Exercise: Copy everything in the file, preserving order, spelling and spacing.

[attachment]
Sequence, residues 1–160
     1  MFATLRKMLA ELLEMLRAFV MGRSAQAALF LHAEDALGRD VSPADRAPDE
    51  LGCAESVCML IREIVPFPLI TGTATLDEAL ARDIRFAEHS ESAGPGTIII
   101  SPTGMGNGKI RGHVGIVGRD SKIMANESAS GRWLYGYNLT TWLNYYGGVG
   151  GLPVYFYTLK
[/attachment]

Sequence, residues 1–160
     1  MFATLRKMLA ELLEMLRAFV MGRSAQAALF LHAEDALGRD VSPADRAPDE
    51  LGCAESVCML IREIVPFPLI TGTATLDEAL ARDIRFAEHS ESAGPGTIII
   101  SPTGMGNGKI RGHVGIVGRD SKIMANESAS GRWLYGYNLT TWLNYYGGVG
   151  GLPVYFYTLK